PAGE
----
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Effect of Stream Flow Regulation and Absence of Scouring Floods on Trophic Transfer of Biomass to Fish in Northern California Rivers

  • Author(s): Parker, Michael S.
  • Power, Mary E
  • et al.
Abstract

Scouring winter floods strongly influence the structure and dynamics of food webs in rivers with winter flood, summer drought hydrographs. Reduction or elimination of scouring floods, in addtition to altering physical conditions within rivers, may negatively affect salmonid populations by reducing energy flow to them from lower trophic levels. We compared food webs of two northern California rivers with drastically different flow regimes to assess the effects of differences in food web structure on the distribution and growth of juvenile steelhead trout. The upper Mad River has a highly regulated flow regime and rarely experiences scouring winter floods, while the upper Van Duzen River is free-flowing and experiences frequent scouring floods. Thrroughout spring and summer 1994 densities of the large, grazing caddisfly Dicosmoecus gilvipes exceeded 801m2 in the Mad River, but were < 21m2 in the Van Duzen. Consequently, filamentous green algae was nearly absent in the Mad from June through September, but was relatively abundant in the Van Duzen. Densities of other stream-dwelling insects (primarily Chironomids and mayflies, which are the preferred prey of juvenile salmonids) and juvenile steelhead were consistently mlich lower in the Mad than the Van Duzen. At the end of the summer, Dicosmoecus pupated, and thus became inactive, which resulted in a large bloom of filamentous green algae (primarily Oedogonium and Cladophora) and a several-fold increase in the densities of Chironomids and mayflies in the Mad but not the Van Duzen. River flows in 1995 were much higher than in 1994 and both rivers experienced a number of scouring floods. As a consequence, Dicosmoecus densities were reduced to < 21m2 in both rivers throughout the spring and summer. The Mad experienced a large Cladophora bloom, and densities of Chironomids and mayflies were several times higher in 1995 than 1994. These observations support our hypothesis that eliminating scouring floods favors large, slow-growing benthic insect taxa over smaller, faster-growing taxa whose populations build up rapidly after floods. Since the former are invulnerable to predation by juvenile salmonids, energy flow is reduced and juvenile salmonid populations decline.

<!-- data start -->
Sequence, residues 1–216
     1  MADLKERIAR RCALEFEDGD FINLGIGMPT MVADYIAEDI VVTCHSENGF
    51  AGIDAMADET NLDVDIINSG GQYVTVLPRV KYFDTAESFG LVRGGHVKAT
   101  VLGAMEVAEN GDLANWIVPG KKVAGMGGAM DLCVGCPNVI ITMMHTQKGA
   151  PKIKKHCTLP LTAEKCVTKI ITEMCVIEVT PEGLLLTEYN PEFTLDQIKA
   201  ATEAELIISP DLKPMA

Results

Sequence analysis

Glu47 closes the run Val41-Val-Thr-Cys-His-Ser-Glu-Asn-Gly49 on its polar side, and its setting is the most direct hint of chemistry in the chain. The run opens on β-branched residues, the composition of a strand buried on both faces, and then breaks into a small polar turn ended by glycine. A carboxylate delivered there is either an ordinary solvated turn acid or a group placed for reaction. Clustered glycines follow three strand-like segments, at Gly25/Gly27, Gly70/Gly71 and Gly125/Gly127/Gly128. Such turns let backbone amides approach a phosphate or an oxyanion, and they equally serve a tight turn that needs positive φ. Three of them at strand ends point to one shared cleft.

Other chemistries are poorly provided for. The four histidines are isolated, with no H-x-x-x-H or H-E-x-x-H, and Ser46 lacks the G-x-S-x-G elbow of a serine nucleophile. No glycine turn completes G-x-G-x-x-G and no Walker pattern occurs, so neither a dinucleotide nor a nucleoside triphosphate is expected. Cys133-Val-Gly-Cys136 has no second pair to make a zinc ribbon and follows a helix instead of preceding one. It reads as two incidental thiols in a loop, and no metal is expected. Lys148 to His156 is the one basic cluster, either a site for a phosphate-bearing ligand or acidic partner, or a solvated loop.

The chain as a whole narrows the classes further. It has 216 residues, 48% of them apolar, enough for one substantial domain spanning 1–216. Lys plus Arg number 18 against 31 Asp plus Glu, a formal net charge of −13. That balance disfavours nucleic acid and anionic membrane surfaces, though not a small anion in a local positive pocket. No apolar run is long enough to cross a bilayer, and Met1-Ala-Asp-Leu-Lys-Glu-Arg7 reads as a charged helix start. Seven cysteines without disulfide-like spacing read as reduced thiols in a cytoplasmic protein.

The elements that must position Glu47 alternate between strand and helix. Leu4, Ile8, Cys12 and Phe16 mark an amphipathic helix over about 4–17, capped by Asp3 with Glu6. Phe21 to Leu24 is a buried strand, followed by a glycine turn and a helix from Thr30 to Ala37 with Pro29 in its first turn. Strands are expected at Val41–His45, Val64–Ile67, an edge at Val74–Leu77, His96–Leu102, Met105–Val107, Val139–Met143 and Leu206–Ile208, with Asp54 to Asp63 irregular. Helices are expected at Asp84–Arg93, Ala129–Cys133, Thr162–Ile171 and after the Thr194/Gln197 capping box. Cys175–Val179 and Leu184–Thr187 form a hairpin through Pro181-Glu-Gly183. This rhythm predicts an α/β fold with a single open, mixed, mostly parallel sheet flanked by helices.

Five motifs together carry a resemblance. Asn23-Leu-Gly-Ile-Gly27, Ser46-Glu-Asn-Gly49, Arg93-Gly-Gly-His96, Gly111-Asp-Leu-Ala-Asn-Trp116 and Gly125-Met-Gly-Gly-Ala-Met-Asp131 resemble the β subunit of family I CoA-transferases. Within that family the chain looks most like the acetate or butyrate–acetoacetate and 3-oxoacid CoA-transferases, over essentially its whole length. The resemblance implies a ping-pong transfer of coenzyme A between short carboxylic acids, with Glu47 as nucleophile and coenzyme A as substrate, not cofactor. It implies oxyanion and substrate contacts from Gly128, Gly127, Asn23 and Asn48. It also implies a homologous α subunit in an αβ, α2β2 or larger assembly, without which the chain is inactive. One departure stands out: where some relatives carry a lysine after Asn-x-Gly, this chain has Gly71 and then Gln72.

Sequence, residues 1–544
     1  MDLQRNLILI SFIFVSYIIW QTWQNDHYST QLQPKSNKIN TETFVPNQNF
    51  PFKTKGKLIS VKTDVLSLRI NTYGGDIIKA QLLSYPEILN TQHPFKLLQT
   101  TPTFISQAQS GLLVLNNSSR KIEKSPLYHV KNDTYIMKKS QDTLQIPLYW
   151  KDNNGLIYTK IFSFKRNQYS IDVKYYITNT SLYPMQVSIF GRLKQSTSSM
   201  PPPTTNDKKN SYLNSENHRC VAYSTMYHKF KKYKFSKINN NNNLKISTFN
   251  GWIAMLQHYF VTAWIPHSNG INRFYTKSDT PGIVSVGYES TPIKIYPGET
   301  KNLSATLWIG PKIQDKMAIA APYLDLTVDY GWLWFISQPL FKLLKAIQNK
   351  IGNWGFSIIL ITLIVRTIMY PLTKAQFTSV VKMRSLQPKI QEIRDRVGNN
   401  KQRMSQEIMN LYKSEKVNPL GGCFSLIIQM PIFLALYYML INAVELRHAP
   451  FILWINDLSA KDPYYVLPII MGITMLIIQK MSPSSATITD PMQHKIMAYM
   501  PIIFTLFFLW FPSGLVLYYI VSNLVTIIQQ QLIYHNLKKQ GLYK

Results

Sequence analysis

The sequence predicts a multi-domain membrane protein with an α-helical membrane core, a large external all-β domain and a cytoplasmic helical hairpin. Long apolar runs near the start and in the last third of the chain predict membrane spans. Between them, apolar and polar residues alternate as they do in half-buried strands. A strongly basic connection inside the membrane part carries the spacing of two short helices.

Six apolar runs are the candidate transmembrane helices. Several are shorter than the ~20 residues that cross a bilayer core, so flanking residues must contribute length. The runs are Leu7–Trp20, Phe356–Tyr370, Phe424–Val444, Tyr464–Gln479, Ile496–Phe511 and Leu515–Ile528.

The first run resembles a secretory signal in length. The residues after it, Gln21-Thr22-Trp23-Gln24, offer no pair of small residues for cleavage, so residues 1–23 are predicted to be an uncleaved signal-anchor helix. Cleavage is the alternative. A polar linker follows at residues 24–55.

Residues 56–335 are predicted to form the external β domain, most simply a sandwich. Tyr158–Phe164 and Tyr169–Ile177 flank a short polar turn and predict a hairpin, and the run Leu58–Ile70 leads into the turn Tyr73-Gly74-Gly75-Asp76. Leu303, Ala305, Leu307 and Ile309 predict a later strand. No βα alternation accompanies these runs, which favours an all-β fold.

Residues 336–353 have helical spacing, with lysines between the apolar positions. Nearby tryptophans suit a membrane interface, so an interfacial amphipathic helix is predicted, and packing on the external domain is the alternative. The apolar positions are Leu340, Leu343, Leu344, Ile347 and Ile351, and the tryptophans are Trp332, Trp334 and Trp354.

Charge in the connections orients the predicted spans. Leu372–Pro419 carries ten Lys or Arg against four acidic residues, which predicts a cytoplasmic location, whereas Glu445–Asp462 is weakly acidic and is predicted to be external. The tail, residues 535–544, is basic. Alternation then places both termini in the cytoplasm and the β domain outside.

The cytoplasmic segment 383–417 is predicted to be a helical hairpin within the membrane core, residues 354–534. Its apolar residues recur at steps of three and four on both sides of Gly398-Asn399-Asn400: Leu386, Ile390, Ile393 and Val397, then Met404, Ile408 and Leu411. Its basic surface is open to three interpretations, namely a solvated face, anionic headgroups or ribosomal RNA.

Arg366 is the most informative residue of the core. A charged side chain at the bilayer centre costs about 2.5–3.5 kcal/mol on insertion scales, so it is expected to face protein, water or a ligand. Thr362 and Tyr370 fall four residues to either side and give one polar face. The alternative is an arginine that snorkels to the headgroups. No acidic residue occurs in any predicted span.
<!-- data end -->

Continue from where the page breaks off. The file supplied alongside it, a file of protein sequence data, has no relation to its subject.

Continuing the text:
Experimental manipulation of juvenile steelhead in artificial channels with and without Dicosmoecus allowed us to test this hypothesis more directly and without potential influences from factors other than food web structure that may have varied between regulated and unregulated rivers. Experimental results revealed that Dicosmoecus significantly reduced the availability of small prey, which resulted in negative juvenile steelhead growth. Together, our surveys and experimental results show that elimination of scouring floods alters energy pathways in river food webs resulting in reduced biomass available to fish populations. Modifying flow regimes regulated by dams, so they more closely resemble natural hydrographs, may be an important step in restoring salmonid populations in some rivers.

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